7 -n co' w Pukaskwa River Provincial Park (P15t3) P,J.;bVwd i)eot'1 2006,'(; et:r'l "' ('r ll'te"/crof(r.-o ytis ",.apl!.iliu t'i nnly. O:) r:tll: ly on.. IK bdn9 ild:w:qf d.rl)r.!j f ('a!>l'5,,:":t)('1:1a"' l,l6e to n;: "!;,I»'\. BASE FEATURES _ PukaskwB River Provincial Pari< (P1513) Pukaskwa National Pari< Water WeUand River/Stream TRANSPORTAnON OTHER FEATURES (jj - Primary Road... Camping Site, Designated N Tertiary Road Q) Pit.... Canoe Route... TrapCabn "C c A.., UtilRyUne ttl o \) c ::s Q) c. Q) (.., o S () S Ci). Ci) o 0)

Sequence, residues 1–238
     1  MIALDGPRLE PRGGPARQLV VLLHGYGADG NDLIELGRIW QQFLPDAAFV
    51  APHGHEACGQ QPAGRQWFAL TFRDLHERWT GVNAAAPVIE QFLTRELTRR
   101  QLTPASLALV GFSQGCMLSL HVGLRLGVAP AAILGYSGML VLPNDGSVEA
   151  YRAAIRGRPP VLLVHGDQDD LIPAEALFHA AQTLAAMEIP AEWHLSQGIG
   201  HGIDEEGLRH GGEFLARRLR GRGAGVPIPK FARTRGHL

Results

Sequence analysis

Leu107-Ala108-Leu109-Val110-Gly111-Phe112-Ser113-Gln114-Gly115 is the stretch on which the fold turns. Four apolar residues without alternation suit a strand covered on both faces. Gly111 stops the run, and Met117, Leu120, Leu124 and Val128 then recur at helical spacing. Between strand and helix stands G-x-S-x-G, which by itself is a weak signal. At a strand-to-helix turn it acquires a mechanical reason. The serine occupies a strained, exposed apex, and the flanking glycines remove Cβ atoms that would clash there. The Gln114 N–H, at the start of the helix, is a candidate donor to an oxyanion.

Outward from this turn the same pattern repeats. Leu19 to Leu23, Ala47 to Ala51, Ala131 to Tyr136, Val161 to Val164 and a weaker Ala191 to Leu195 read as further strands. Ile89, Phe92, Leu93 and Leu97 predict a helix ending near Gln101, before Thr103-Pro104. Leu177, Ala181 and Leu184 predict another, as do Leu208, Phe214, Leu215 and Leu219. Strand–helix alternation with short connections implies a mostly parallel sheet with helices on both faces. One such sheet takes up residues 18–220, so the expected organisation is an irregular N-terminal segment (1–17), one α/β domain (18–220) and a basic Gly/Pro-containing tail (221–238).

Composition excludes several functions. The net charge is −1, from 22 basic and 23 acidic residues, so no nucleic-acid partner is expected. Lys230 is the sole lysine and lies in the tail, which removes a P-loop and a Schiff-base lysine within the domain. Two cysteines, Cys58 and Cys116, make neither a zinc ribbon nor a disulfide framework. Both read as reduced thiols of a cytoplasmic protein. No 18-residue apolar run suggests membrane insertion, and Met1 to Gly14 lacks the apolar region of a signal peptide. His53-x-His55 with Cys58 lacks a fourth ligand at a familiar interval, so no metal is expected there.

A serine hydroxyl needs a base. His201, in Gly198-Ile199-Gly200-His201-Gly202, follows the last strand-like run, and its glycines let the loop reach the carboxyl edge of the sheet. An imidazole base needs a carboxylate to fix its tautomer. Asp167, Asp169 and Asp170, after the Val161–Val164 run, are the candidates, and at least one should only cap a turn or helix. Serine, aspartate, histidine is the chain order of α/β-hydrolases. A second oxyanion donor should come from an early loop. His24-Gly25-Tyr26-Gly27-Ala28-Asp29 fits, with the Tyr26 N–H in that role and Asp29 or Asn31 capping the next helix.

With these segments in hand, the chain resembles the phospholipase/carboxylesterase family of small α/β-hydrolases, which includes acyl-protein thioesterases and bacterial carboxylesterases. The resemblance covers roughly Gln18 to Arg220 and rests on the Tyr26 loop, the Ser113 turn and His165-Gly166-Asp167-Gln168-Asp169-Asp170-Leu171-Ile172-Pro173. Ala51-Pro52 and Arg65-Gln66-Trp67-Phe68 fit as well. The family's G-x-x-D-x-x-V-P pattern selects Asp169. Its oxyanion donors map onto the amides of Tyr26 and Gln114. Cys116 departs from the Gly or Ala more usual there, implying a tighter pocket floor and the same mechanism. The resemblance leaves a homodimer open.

8 4 2.1 Environmental Assessment As part of the Ontario Ministry of Natural Resources (MNR), Ontario Parks is a public sector agency that is subject to the Environmental Assessment Act. Park management will be carried out in accordance with legislation, policies and guidelines that are required under MNR's A Class Environmental Assessment for Provincial Parks and Conservation Reserves (OMN R 2005a). 3.0 PARK FEATURES AND VALUES Pukaskwa River is a 1,370 hectare wate.rway class park which flows predominately south through Ecodistrict 3E-5 into 3E-4. The bedrock underlying the site is a granitic country rock of the Superior Province. The waterway exhibits a variety of river conditions including lake, small river, and some small wetland sections linked along bedrock controlled channels over strongly broken shallow sandy till rock uplands and lacustrine sand and gravel outwash deposits (Kershaw 2002). Pukaskwa River Provincial Park contains spectacular scenery and offers a remote white-water river experience for persons with advanced canoeing and camping skills. The river was well known by Canadian paddling icon Bill Mason whose painting "Campfire, Pukaskwa River" captures the beauty ofthis waterway. The river was also featured in Bill Mason's films, including WatelWalker(1984). 3.1 Geological Features Bedrock of Pukaskwa River Provincial Park consists of an undifferentiated, foliated to gneissic, tonalite suite of intrusive rocks which is well exposed along the length of the river in shoreline outcrops and cliffs. Minor metasedimentary rocks are also exposed along the river's length. These rocks lie in the Wawa Subprovince, Superior Province, Canadian Precambrian Shield (Kor 2003). Very stony sandy till is exposed near the west end of the river, and likely forms a thin, discontinuous veneer over much of the bedrock of the region. Boulder lags commonly occur along the entire length of the river, and cue particularly well-developed in areas where the course of the river narrows, or is constricted by bedrock narrows. These large rounded boulders were erratics, and some are over a metre in size. The. extent of these boulder lags suggests that the Pukaskwa River carried large volumes of meltwater flow in early postglacial time as the continental glacier melted, and these flows were much greater than today (Kor 2003). 3.2 Biological Features This river crosses from Ecodistrict 3E-5 to 3E-4. Most of the site occurs on strongly broken shallow sandy till upland, while a small portion of the lower section of the river occurs on a deeper lacustrine sand or gravel deposit. The park includes headwaters of a small cold-water river, which is flanked by small riparian wetlands and shrub thickets. Flow volume in the river can be quite low late in the summer. The headwaters within the park include two coldwater lakes, Gibson Lake and Jarvey Lake (Morris 2002). Forests included in the park are representative of Ecoregion 3E (Morris 2003). The majority of the stands are old-growth. 3.3 Cultural Setting An investigation into the cultural features specific to Pukaskwa River Provincial Park has not been completed at this time. Any future planning will be within the context of a provincial framework, A Topical Organization of Ontario History (OMNR 1974). In addition, updates and discussions with First Nations, other agencies and stakeholders may be carried out to identify cultural heritage Pukaskwa River Provincial ParkInterim Management Statement 2006